Raising The Necessity for Permanent Support to Fulfil UN Investigative Mandates


Over the past decade, there has been a marked increase in the willingness of UN bodies – such as the Human Rights Council, the General Assembly and the Security Council – to establish entities to investigate alleged human rights violations including those of a criminal nature in mass atrocity situations. The extension of mandate calls for a careful appraisal of the way in which criminal investigations are conducted by UN mechanisms to ensure the highest standards are applied in the collection, preservation, storage and analysis of information and evidence.

The “Anchoring Accountability for Mass Atrocities” report researched and produced by the Oxford Programme on International Peace and Security at the Institute of Ethics, Law and Armed Conflict of Oxford University’s Blavatnik School of Government in partnership with the International Bar Association and the Simon-Skjodt Center for the Prevention of Genocide[1] makes significant recommendations as to how permanent and effective support to fulfil UN investigative mandates in the future should be developed.

Described in the report as an “accountability shift”, in recent years there has been a significant widening of the mandate of UN bodies to investigate not only human rights violations, but to also investigate war crimes, crimes against humanity and genocide, thereby taking on “criminal case-building responsibilities”. This is evident in the recent mandates of the Human Rights Council’s investigative missions on Syria, North Korea, South Sudan, Myanmar, Belarus, Sri Lanka, Occupied Palestinian Territory and Israel, Libya and most recently Ethiopia.

The report explains that this shift has been further entrenched by the setting up of a new generation of UN independent investigative mechanisms to carry out international criminal investigations and build cases to prosecute violations committed by Da’esh/ISIL in Iraq,[2] as well as by parties to the conflicts in Syria[3] and Myanmar.[4]

While the mandates, staff, access, resources and operational realities differ as between the newly-established mechanisms, their experiences, along with those of the ‘traditional’ human rights investigations, emphasise the growing need for higher standards in the collection, preservation, storage and analysis of information and evidence.

The report considers these needs and provides a real opportunity for reflection on what has succeeded to date, the potential lessons to be learned and what is required in the future to ensure the highest standards are applied in the fulfilment of investigative mandates.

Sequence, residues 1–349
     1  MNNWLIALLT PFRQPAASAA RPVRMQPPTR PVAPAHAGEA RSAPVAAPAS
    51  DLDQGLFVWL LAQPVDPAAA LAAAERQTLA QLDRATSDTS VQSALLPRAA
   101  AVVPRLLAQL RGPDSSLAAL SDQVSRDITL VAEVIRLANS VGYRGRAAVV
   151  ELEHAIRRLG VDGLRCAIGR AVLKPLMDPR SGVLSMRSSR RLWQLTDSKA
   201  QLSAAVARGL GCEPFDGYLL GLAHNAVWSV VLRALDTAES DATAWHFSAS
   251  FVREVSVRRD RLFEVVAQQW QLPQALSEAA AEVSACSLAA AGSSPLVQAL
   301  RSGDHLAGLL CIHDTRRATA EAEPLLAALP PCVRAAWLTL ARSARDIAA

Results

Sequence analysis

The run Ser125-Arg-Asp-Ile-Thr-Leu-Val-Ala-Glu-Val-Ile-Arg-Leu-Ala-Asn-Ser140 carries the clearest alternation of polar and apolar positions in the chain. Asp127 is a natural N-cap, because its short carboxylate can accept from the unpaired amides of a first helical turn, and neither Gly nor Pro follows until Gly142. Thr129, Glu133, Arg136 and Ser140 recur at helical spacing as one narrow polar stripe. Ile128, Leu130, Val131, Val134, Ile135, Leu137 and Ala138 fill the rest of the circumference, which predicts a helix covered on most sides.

As its main recommendations, this study presents two chief options for building permanent support for UN mandated investigations and their contributions to international justice:

“Option 1, the establishment of a standing, independent UN investigative support mechanism (ISM) empowered to provide a range of services to all UN investigative mandates concerned with accountability as a way to maximise efficiencies moving forward, as well as to receive from relevant UN bodies and itself fulfil investigative mandates focused on case-building, similar to the investigative mechanisms created for Syria, Myanmar and ISIL/Da’esh; and Option 2, the establishment of a permanent investigative support division (ISD) within the Office of the High Commissioner for Human Rights (OHCHR) to assist Human Rights Council-mandated investigations and to provide support where relevant to case-building mandates when these are conferred independently of OHCHR.”[5]

This report grapples with issues such as how to (i) ensure a secure and consistent approach to the collation, preservation and analysis of information and evidence, (ii) overcome increasingly fraught budgetary and bureaucratic challenges, (iii) provide appropriate technological infrastructures and expertise, and (iv) ensure the highest levels of professionalism and effectiveness in building working relationships and cooperation with prosecuting authorities and international justice actors. Founded on extensive research over a period of 2 ½ years, it provides a rare insight into the question of how future investigative mechanisms might be supported in an ever-evolving “international justice ecosystem.”

Considering the expanding nature of UN investigative mandates into international crime, tackling the issues raised in this report should help to ensure a consistent approach in the future to the collation, preservation and analysis of information and evidence as a core component of the criminal case-building responsibilities being placed on UN mechanisms. An example of the dire consequences for States and individuals of failing to fulfil such responsibilities are addressed in a recent 9BR report “Pushing the Reset Button for South Sudan.”

To read the Anchoring Accountability for Mass Atrocities report in full, click here.




Gillian Higgins

Head of International Practice Group, 9BR Chambers



[1] Authored by Kirsty Sutherland from 9BR Chambers, Federica D’Alessandra, Stephen J Rapp and Sareta Ashraph.

[2] UNITAD – UN Investigative Team to Promote Accountability for Crimes Committed by Da’esh/ISIL.

[3] IIMM – International, Impartial and Independent Mechanism to assist in the investigation and prosecution of persons responsible for the most serious crimes under International Law committed in the Syrian Arab Republic since March 2011.

[4] IIMM – the Independent Investigative Mechanism for Myanmar.

[5] P.1 of the Anchoring Accountability For Mass Atrocities report.

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